An iron-hilted kora sword




Nepal (or East India)


18th century


Forging, chiseling, engraving, chasing, embossing, patinating, gilding, lacquering, embroidering


Steel, iron, gold, lacquer, wood, leather, silk


Overall length (without scabbard) 635 mm; blade length 510 mm; scabbard length 585 mm; belt length 1198 mm; belt width 85 mm

The thick, single-edged steel blade is strongly curved forward and expanded in the final quarter of its length. Each side of the blade is chiseled along the entire spine with a series of alternating rectangular slots, double S-scrolls and dot depressions between two narrow grooves. Some dot depressions have preserved the remains of gold. In addition, there is a large round rosette engraved and inlaid with red lac on the obverse side of the blade. The patinated iron hilt consists of a lobed disc guard, a faceted bulbous grip, and a lobed disc pommel surmounted with a large rounded button. There is a fluted iron collar between the guard and the blade. The broad wooden scabbard is covered with dark brown leather embossed with longitudinal lines and a single palmette on the obverse side. The upper half of the scabbard is girdled with five leather strips each is embroidered with silver thread in a vegetal design. The silver scabbard mounts is chased in relief with scrolling foliage against a fluted ground. The original leather sword belt is embroidered with colored silks and silver threads in vegetal patterns. The belt buckle is missing.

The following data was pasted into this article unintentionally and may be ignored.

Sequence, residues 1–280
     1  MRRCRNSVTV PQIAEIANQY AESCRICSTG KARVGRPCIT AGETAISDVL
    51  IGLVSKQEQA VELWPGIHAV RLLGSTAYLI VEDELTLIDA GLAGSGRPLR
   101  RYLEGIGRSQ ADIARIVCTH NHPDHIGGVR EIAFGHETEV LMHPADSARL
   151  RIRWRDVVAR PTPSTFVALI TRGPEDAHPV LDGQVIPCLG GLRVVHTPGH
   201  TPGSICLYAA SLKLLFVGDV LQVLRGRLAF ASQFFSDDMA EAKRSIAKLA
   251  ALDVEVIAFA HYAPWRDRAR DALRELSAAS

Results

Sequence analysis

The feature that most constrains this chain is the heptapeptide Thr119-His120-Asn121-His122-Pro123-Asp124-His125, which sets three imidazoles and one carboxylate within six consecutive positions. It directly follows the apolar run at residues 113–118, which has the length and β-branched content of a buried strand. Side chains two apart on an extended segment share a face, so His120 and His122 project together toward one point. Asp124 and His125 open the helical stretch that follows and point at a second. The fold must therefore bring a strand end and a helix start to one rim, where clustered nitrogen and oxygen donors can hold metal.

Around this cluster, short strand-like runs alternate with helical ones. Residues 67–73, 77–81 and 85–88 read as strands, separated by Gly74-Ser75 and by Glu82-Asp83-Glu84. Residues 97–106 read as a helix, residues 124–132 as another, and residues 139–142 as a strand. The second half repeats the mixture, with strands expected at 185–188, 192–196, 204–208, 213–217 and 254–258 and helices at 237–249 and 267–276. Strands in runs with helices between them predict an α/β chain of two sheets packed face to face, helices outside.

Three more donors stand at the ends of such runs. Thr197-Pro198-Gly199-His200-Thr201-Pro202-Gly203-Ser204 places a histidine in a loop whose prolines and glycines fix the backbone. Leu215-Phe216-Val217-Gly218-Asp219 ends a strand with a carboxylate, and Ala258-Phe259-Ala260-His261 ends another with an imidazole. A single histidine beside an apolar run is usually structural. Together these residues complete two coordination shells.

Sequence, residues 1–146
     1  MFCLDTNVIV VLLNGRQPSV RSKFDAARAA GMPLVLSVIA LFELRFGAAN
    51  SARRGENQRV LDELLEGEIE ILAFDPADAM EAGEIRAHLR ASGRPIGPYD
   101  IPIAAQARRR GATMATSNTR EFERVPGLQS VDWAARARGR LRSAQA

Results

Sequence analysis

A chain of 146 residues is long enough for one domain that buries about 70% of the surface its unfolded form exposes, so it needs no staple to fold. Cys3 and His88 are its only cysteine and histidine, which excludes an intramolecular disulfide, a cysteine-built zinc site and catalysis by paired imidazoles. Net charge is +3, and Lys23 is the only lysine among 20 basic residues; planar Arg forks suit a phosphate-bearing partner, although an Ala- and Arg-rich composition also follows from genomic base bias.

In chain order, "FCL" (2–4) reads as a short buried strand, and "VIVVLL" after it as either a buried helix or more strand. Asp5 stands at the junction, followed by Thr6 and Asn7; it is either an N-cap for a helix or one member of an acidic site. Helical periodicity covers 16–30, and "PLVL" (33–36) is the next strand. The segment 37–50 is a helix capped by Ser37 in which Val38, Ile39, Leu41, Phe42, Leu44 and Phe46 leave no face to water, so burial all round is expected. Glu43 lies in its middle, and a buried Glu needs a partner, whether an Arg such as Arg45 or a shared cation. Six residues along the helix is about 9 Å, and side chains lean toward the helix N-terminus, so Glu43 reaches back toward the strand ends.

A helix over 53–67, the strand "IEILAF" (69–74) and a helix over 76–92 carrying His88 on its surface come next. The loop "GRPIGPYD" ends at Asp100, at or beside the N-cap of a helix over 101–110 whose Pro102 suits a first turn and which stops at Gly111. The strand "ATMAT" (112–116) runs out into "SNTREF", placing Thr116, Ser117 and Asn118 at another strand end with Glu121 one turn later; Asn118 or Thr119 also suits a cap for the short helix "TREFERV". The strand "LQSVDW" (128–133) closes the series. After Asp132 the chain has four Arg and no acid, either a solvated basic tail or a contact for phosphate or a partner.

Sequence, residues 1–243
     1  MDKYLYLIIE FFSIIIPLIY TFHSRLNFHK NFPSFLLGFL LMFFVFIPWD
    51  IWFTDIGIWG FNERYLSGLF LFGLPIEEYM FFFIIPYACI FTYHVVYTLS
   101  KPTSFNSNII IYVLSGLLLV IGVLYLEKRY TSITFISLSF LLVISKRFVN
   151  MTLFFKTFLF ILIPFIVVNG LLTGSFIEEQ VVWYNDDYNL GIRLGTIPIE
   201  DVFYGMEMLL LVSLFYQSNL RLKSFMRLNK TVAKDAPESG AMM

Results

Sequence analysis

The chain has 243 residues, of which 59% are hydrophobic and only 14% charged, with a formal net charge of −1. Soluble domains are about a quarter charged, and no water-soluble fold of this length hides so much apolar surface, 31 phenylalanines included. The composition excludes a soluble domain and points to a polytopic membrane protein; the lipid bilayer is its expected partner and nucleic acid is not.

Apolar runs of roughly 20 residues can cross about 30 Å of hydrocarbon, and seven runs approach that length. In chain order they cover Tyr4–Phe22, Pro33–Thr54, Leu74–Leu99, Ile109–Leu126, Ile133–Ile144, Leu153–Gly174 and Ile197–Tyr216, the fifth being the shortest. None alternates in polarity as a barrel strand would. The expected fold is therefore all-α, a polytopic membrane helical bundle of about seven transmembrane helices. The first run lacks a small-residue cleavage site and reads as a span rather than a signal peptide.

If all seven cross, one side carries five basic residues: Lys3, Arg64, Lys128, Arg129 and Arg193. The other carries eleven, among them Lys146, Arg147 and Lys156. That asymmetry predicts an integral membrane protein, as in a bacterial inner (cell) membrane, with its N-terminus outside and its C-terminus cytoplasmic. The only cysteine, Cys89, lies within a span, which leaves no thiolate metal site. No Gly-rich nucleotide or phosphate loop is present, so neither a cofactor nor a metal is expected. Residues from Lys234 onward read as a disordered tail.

COMMENT. Kora is the traditional Nepalese chopping sword, which is designed for both combat and ritual purposes. It is actually an intermediate form between sword and axe. The heavy single-edged blade is strongly curved forward and is sharply widened toward the tip like a fish tail, which contributes to increase the power of downward blow. The blade is sharpened on the concave side. The straight short hilt usually has disc guards at either ends. At the present time, the kora (or khora, khuda, kouda) is used only for Hindu ritual animal sacrifices in Nepal and some states of India, where it is known as "kharga" and "jamdhar teg". The animal must be decapitated in a single blow, otherwise the sacrifice is considered useless. The presented sword was formerly part of the well-known collection of Charles Buttin (1856-1931). A similar example can be seen today in the Victoria and Albert Museum in London (inv. no. 3072(IS), see Rawson, P.S. The Indian Sword. – London, 1968. – P. 53, fig. 28.

LITERATURE: 1) Buttin, F. Catalogue de la Collection d'Armes Anciennes Européennes et Orientales de Charles Buttin. – Rumilly, 1933. – P. 191, no. 766, pl. XXIV; 2) Сиваченко Е. Сталь и Золото: Восточное оружие из собрания Feldman Family Museum = Steel and Gold: Eastern Weapons from the Feldman Family Museum Collection. – Киев, 2019. – С. 623-622, №266.